The Benefits of Routine | Curves Welcome Community

The benefits of routine are vast. Routine can catapult us to great heights because it ensures pertinent steps are never ignored.

When I was a kid, changing into my comfy pajamas signaled that moment of the day to transition into a restful night. As soon as one of my legs slipped into the pajama bottoms, my brain began the wind down phase. I knew that within an hour, my parents would tuck me under my soft comforter with my favorite stuffed animal, and soon I would be fast asleep.

Like any kid, I craved this structure. I looked forward to it. It comforted me and created a sense of wholeness and safety, enabling me to slip into a restful, restorative night’s sleep.

As an adult, I had forgotten how important a good nightly routine could be. Especially when smartphones came about, and I added a flat screen television to my bedroom. Suddenly, I found myself wide awake at the end of the day, unable to embrace that incredible feeling of deep slumber. After scrolling through my social media newsfeeds and watching a high-impact shows on television, I’d turn out the lights and stare wide-eyed at my ceiling fan willing peace to enter so I could get a good night’s sleep.

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A Craving for Routine

I had created a very bad habit, and my sleep suffered.

I needed some structure, a routine to keep me in check.

Here’s the thing about routine: It can suck the mojo right out of life if applied to areas that respond better to spontaneity. Let’s face it, there are some things in life that we want to keep open for randomness to surprise us. The brain needs that to function properly.  

That being said, today, I’m solely going to explore routine in respect to those areas in life that we don’t want to leave up to surprise, areas that routine can help make us more effective and healthier.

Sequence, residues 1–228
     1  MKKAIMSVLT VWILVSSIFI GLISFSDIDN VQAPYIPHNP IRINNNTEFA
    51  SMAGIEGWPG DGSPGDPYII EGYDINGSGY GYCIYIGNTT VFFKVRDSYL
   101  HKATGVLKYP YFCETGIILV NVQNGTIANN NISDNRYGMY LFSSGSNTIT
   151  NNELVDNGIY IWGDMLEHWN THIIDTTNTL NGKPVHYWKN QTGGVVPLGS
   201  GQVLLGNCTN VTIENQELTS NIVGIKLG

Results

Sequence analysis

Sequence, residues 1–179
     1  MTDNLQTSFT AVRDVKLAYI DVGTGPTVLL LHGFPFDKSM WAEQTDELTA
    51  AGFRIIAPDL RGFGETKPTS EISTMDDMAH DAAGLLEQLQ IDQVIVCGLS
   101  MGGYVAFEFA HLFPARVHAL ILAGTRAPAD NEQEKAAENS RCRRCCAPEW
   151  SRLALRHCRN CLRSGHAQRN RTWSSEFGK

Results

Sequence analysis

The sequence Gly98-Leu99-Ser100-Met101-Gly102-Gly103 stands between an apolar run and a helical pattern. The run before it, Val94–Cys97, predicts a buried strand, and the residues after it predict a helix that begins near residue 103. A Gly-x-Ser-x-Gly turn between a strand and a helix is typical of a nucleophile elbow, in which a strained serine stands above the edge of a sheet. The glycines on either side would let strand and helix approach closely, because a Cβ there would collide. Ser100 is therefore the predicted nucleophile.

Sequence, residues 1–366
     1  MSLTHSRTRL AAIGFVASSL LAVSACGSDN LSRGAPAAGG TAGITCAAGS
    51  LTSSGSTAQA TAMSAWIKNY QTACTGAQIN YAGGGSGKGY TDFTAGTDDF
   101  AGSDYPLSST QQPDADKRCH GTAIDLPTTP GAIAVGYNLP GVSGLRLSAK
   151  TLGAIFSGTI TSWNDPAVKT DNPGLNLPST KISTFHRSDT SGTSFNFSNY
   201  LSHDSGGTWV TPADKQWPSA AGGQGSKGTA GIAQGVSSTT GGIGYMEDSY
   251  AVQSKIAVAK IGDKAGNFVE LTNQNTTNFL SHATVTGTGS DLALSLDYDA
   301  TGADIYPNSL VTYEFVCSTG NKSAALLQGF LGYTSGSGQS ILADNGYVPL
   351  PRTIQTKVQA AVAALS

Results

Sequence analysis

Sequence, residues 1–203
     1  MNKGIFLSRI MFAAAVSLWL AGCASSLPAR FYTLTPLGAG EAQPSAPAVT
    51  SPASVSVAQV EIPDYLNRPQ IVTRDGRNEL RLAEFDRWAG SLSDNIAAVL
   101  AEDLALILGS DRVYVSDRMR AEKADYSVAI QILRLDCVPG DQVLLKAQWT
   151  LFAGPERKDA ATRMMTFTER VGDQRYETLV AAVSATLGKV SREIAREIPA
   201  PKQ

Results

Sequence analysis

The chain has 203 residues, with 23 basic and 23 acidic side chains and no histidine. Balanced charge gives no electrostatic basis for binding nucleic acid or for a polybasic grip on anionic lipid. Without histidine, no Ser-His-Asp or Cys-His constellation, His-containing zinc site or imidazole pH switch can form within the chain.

Benefits of Routine

Routine Provides Structure

We are creatures of habit. Taking advantage of this can boost our chances of success. By organizing life, we are proactively taking control of its direction, not leaving critical areas up to luck. Structure gives us a road map. It signals to us when we should take a break, when to switch gears, when to wind down, when to speed up, and when to get focused.

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When we proactively decide what to do, we will choose things that feel good, empower us, and cast our best light onto the world. We consciously create the life we want by participating in the design of our days and ultimately our life.

Routine Creates Efficiency

Creating a habit of getting things done will increase the likelihood that you will, in fact, get things done. You don’t have to think about it. You just do it. The more you do something, the easier it becomes because you find ways to increase efficiency and effectiveness. You discover what works, what doesn’t, and the best way to go from incomplete to complete.

Routine Builds Increase

If you continue to plug away at something, you will eventually complete it. Think of routine as compounded interest. The more you add to something, the greater its strength and size. If you make it a routine to walk 10,000 steps daily, imagine how many steps you will have taken in a year’s time? And, imagine the strength and size of those steps as you build on them? Those steps will dramatically add up. With a routine in place, you are guaranteeing to get them in, resulting in momentum.

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The more you do something, the greater you become at it. If you want to be a painter, and commit to painting daily, then you will eventually begin to paint better. You will learn improvement strategies, start to see the canvas in a different light, and become better at using the tools to make your painting come to life.

Routine Creates Smoother Transitions